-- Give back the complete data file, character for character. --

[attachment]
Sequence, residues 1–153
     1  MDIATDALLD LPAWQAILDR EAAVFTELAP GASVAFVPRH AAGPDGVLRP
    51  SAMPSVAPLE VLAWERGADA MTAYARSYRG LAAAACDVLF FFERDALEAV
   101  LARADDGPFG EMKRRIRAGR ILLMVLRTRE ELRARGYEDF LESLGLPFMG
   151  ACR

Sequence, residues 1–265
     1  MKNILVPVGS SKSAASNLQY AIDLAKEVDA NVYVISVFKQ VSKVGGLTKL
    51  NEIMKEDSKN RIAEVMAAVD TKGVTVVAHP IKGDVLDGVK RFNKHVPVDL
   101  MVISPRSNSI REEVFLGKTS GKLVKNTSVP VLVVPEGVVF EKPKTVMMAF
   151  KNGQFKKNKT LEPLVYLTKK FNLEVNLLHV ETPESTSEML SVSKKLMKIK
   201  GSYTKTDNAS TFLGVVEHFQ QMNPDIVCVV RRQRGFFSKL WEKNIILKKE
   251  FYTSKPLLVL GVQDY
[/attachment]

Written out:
Sequence, residues 1–153
     1  MDIATDALLD LPAWQAILDR EAAVFTELAP GASVAFVPRH AAGPDGVLRP
    51  SAMPSVAPLE VLAWERGADA MTAYARSYRG LAAAACDVLF FFERDALEAV
   101  LARADDGPFG EMKRRIRAGR ILLMVLRTRE ELRARGYEDF LESLGLPFMG
   151  ACR

Sequence, residues 1–265
     1  MKNILVPVGS SKSAASNLQY AIDLAKEVDA NVYVISVFKQ VSKVGGLTKL
    51  NEIMKEDSKN RIAEVMAAVD TKGVTVVAHP IKGDVLDGVK RFNKHVPVDL
   101  MVISPRSNSI REEVFLGKTS GKLVKNTSVP VLVVPEGVVF EKPKTVMMAF
   151  KNGQFKKNKT LEPLVYLTKK FNLEVNLLHV ETPESTSEML SVSKKLMKIK
   201  GSYTKTDNAS TFLGVVEHFQ QMNPDIVCVV RRQRGFFSKL WEKNIILKKE
   251  FYTSKPLLVL GVQDY